Loule is an authentic market town on Portugal’s Algarve that managed to sidestep the tsunami of foreigners who descended on the region before the pandemic. It remains beautifully preserved with a few notable historic buildings, cobblestone streets, and narrow alleyways where artisans have their workshops with storefronts opening onto the street. But most of all, it is known for its covered market that occupies a prominent place in the center of town.
Founded as a trading post in the 2nd Century BC, Loule reached its peak during the 8th – 12th Centuries when it was an important Moorish city. The present market was built in 2007 to represent that history, featuring Moorish details and Neo Arab styling, reminiscent of its Moorish heritage, and the marketplace site which has survived on this spot more than one hundred and fifteen years, operating as a market from Monday to Friday. On Saturday, it is augmented by an additional market and a gypsy market that bring hordes of people to town, creating congestion in and around the market area.
This is a distinctly Portuguese market that operates for the town’s local residents and the immediate surrounding area; a place dominated by individual stalls representing little family businesses. Going to the market is usually a daily experience and an excuse for people to get out of the house and exchange the latest news with their neighbors. Not much English is spoken, unlike the rest of the Algarve that has seen an influx of English-speaking tourists and residents.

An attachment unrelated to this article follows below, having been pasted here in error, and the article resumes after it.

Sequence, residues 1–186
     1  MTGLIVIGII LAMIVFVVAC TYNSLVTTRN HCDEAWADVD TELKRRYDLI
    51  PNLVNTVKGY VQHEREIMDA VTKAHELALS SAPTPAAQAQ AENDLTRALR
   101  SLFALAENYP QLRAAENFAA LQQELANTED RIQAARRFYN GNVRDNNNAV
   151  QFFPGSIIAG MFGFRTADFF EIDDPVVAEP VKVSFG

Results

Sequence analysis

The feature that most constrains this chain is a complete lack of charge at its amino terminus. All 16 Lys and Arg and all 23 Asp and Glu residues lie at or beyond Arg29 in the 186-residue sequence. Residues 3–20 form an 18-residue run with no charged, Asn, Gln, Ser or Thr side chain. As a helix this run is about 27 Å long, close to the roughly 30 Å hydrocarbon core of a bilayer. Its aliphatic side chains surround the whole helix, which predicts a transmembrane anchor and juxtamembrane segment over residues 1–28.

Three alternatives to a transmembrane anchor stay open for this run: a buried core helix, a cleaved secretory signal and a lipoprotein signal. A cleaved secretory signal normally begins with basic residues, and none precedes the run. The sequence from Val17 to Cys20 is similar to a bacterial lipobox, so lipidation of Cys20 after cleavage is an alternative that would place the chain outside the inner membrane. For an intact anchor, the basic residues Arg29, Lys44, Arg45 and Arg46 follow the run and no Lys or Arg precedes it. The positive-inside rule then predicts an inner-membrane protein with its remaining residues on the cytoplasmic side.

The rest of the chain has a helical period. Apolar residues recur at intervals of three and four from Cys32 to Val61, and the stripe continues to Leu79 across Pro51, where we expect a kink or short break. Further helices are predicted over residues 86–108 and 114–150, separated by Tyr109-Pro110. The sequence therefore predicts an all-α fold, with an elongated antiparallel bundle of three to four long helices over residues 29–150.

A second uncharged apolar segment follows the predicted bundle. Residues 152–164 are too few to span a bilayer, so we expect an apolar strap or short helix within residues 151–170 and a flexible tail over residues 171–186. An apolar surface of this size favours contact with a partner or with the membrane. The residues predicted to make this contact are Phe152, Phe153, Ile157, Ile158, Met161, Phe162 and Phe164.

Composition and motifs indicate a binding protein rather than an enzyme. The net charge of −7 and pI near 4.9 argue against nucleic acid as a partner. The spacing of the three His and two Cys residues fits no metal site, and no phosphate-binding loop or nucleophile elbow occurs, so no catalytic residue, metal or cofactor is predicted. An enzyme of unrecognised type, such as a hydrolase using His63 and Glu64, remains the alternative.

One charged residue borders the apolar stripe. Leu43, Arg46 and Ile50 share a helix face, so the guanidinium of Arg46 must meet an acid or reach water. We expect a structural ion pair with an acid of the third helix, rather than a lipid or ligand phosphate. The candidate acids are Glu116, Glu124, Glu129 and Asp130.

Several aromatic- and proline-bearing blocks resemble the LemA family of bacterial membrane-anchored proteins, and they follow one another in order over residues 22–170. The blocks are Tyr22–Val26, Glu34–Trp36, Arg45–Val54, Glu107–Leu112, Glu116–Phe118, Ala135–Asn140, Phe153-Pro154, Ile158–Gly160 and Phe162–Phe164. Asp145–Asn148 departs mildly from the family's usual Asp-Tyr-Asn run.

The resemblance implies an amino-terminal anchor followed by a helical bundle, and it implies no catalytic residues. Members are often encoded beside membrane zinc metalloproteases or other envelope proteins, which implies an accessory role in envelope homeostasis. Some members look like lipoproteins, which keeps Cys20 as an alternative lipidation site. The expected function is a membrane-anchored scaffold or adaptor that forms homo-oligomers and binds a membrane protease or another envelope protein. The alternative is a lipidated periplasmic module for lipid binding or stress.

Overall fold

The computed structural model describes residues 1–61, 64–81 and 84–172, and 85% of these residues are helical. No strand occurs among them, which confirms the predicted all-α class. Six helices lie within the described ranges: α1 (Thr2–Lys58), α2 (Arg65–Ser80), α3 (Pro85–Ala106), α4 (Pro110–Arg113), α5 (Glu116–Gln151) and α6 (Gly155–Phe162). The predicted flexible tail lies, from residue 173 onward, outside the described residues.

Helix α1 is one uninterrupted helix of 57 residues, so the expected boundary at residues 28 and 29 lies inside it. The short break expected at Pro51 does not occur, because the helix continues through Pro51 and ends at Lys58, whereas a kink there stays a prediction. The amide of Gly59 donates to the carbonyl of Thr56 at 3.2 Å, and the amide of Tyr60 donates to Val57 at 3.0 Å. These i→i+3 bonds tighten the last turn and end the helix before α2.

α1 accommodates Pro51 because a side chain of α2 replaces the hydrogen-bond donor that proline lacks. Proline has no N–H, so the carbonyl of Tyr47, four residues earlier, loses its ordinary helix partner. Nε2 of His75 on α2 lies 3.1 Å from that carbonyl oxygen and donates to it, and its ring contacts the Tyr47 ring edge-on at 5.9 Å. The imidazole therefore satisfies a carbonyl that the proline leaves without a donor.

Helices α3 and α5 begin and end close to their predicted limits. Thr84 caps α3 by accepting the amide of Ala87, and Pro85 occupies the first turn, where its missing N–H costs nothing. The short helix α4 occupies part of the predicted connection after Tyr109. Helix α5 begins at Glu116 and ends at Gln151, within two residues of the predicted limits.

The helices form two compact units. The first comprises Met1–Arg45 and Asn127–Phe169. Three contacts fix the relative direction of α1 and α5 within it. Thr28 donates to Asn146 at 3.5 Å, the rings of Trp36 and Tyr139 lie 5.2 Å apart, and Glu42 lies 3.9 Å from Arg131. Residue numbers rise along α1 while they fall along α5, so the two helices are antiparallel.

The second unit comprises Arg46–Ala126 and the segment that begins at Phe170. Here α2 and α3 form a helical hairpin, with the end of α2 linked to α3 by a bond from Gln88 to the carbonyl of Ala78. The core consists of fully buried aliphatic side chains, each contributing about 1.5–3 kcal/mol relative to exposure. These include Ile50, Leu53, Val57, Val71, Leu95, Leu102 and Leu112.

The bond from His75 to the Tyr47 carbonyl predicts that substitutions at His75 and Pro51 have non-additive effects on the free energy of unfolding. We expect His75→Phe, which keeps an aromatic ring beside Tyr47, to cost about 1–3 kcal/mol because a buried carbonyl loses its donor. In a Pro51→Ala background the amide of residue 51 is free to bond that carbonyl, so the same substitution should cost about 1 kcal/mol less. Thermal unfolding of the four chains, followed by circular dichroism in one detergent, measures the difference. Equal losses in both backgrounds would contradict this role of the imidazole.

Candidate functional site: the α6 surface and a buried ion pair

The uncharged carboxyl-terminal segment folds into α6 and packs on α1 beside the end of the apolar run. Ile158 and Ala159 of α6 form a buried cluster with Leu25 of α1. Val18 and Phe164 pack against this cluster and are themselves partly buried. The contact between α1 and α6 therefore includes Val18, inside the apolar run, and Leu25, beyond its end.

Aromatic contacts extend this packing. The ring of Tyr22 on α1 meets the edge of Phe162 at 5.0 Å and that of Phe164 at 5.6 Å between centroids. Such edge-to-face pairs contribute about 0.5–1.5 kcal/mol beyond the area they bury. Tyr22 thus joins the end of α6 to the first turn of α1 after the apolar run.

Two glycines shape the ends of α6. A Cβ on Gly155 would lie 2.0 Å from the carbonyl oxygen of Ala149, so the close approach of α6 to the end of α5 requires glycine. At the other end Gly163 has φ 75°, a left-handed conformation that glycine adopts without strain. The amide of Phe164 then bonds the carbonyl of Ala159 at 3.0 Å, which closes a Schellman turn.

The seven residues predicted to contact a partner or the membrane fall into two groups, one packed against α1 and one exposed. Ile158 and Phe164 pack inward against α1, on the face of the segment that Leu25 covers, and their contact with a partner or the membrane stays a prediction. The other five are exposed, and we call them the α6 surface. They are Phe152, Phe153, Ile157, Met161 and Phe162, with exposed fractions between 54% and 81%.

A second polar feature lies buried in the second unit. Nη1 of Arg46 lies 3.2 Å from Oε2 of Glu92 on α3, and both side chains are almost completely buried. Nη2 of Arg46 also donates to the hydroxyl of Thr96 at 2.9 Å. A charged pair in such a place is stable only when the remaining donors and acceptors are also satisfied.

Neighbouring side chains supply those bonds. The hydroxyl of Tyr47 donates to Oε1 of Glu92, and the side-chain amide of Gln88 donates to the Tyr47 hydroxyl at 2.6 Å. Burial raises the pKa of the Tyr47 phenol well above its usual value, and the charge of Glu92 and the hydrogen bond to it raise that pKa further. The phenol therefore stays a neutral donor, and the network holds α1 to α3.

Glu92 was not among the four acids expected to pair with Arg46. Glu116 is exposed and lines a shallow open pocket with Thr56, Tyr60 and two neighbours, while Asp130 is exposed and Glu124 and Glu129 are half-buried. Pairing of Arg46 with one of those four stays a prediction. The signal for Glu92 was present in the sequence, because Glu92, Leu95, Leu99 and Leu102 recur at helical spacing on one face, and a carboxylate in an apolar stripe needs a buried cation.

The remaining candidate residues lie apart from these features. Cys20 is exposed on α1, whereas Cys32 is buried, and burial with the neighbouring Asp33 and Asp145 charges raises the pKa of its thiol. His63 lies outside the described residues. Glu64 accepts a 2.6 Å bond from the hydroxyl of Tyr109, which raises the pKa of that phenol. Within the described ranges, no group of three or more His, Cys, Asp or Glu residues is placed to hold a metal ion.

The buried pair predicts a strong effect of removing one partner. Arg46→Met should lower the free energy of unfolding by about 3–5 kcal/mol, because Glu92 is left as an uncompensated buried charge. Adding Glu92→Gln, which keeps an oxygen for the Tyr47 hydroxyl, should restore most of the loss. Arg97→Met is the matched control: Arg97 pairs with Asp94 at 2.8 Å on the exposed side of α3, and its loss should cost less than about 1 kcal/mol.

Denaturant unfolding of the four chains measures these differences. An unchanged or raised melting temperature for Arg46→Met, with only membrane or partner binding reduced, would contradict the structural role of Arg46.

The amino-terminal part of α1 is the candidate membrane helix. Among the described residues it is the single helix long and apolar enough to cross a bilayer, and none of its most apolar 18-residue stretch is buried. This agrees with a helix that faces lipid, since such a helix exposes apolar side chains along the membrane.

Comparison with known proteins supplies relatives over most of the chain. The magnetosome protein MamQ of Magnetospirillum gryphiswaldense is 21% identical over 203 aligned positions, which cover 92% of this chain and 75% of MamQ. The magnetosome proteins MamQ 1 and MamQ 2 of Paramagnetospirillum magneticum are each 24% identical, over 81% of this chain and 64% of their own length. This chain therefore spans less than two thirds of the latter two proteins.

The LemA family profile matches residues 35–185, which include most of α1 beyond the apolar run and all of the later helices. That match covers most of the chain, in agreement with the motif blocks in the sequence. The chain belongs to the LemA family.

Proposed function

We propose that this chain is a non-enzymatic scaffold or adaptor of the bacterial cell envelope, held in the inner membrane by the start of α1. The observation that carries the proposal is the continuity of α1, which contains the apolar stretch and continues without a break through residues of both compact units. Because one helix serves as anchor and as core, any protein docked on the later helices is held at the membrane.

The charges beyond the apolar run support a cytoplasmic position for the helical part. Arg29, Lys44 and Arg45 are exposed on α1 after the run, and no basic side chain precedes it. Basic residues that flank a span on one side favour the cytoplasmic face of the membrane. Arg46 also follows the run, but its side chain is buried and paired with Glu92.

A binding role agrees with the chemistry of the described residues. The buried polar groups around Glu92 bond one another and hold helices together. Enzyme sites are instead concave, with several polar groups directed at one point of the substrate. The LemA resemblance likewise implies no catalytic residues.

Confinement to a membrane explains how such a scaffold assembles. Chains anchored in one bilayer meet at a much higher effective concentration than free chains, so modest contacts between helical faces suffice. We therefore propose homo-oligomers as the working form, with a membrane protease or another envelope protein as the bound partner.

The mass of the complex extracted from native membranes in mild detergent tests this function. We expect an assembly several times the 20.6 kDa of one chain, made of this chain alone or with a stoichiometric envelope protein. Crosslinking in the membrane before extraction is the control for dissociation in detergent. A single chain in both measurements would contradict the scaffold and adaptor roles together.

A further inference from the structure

Situated on a wide cobblestone street in the center of town, the market has distinctive burgundy onion domes, with Moorish details around the doorways, with the same detailing being carried through inside the building. When I first saw it from the outside, I was sure it had survived hundreds of years of trading because of its strong Moorish character, not knowing that it was opened in 2007 and is a young 14 years old.
Inside, you’ll find mainly fresh food and locally produced items.
Deli, Cheese, and Sauces.
This represents a meal on its own: locally produced sausage, paired with local cheese and a selection of sauces. The peri-peri sauce has been adopted all over Portugal and originated in Angola, a territory that once belonged to Portugal before gaining its independence. The red peppers that are used in this fiery sauce are grown in Africa, and it has a distinct flavor that goes well when mixed with olive oil and basted on grilled fish and meat.
The Algarve has an ideal Mediterranean climate where figs flourish. At the end of the season, they are harvested, dried, and turned into sweetmeats combined with almonds, that also flourish in this climate. I had never seen this type of food decoration before and had to look twice to recognize its simple ingredients almonds.